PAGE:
Willy Woo is one of the pioneers of on-chain analysis and creating Bitcoin indicators based on direct data from the blockchain. In a recent tweet, while analyzing the BTC supply shock indicator, he stated that “the orange coin seems a bit undervalued.”
In fact, Willy Woo wrote the comment on his chart in a somewhat ironic way, as it appears that the indicator he discussed is extremely oversold. In the chart, the analyst presented the Highly Liquid Supply Shock Oscillator and contrasted it with the history of the BTC price. We can see that this indicator is currently at the all-time low (ATL).
Further, Willy Woo writes: “Not a bad time for investors to wait for the law of mean reversion to play out.” He is referring to a theory in technical analysis that suggests that asset price volatility and historical returns eventually return to the long-term average or mean level for the entire data set.
In the case of the oscillator in question, this would mean that its chart would eventually have an upward bounce. This would lead to an increase in highly liquid supply. What is the correlation of this process with the historical price of BTC?
Lows in highly liquid supply vs. the price of BTC
Foremost, it is worth looking at the periods when the highly liquid supply shock oscillator reached extremely oversold levels. The chart below juxtaposes the lows in the indicator with the price of BTC.
We see that in 3 out of 5 cases, the lows on the supply shock oscillator coincided with macro lows in the BTC price. This was the case in instances 1, 3, and 4. The oscillator bounced off the bottom, and the Bitcoin price never returned to such low levels afterward.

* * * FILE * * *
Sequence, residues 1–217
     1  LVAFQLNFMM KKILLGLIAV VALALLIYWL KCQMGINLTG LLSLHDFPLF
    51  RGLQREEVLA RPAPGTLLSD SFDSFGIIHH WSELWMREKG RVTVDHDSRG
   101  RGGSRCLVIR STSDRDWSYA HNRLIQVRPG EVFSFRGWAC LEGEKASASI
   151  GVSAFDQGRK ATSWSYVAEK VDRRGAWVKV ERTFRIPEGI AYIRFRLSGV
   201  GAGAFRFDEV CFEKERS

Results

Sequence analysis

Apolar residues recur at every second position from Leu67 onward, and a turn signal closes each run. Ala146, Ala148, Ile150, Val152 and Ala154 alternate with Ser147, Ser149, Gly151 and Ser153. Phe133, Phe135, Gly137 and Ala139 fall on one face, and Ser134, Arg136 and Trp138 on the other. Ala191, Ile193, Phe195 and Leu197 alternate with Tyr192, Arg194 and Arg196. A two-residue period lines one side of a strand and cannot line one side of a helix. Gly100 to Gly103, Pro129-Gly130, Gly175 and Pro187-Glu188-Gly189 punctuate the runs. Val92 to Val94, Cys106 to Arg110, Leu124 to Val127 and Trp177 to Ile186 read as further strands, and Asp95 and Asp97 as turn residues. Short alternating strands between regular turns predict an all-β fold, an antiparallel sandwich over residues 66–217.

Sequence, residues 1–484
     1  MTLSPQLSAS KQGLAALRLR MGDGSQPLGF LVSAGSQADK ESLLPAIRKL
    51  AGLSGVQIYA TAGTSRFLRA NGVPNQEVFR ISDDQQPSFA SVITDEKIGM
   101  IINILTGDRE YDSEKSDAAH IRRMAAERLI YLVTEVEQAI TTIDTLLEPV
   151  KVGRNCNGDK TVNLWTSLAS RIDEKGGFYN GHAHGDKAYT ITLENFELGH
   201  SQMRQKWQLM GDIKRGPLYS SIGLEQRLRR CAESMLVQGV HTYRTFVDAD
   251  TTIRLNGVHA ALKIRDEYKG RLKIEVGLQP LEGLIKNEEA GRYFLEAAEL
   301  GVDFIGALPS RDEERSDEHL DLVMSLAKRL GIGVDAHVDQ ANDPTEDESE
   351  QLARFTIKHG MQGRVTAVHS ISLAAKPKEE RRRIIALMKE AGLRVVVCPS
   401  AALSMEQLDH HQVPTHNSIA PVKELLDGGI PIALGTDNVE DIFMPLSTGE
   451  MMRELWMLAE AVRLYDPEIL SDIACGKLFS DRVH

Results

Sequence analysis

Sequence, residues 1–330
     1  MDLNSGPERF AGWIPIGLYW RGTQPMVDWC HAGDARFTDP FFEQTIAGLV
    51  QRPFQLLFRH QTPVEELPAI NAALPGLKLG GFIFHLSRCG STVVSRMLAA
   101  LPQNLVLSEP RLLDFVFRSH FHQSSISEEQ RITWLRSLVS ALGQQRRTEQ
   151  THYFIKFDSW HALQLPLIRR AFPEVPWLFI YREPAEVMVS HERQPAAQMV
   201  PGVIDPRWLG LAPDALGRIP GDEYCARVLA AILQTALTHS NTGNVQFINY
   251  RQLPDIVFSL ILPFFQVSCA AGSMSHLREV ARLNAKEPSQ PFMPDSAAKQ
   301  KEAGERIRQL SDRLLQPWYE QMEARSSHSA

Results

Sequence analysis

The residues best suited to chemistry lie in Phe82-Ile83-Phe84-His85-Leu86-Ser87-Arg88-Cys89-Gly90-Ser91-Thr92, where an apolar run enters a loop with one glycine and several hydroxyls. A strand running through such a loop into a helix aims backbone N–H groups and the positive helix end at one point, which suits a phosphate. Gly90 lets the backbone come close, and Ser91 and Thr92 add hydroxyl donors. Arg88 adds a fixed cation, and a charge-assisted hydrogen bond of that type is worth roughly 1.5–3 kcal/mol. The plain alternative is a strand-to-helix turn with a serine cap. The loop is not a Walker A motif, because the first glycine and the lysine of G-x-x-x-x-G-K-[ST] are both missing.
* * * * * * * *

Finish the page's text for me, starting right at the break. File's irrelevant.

However, in 2 out of 5 cases, the low level of the oscillator did not mark the absolute bottom of the BTC price. This happened in cases 2 and 5. True, the low level of the indicator signaled a local bottom for the Bitcoin price, but the price later dropped even lower (orange lines). Interestingly, the subsequent BTC bottoms were reached at higher oscillator values.
Another way to look at the correlation between the two charts that Willy Woo published is to analyze potential trends. Hypothetically, one can assume that if the bottom on the oscillator corresponded with the bottom of the Bitcoin price, then once it was reached, one would expect to initiate an uptrend in both charts.
Indeed, historical analysis provides many examples of such a positive correlation. Most often they involve a dynamic uptrend that follows an extended period of accumulation. Two such cases occurred in the bull market of 2012-2013, two in 2016-2017, and two in 2020-2021 (green areas).
Sometimes, however, an increase in the highly liquid supply shock oscillator did not lead to increases in the Bitcoin price. We see three such instances – two during the 2014-2015 bear market and one during the 2018 bear market. At that time, the Bitcoin price was either falling or in a sideways trend. This was confirmation of a long-term bear market.
Today, the supply shock indicator presented by Willy Woo is at its ATL. This is potentially a bullish signal for Bitcoin prices. However, for it to be confirmed, the indicator – according to Willy Woo’s comments – must first of all turn back towards the mean.
In addition, Bitcoin must resume its uptrend. If this does not happen, the rise of the highly liquid supply shock oscillator could lead to declines or further sideways movements of the BTC price.
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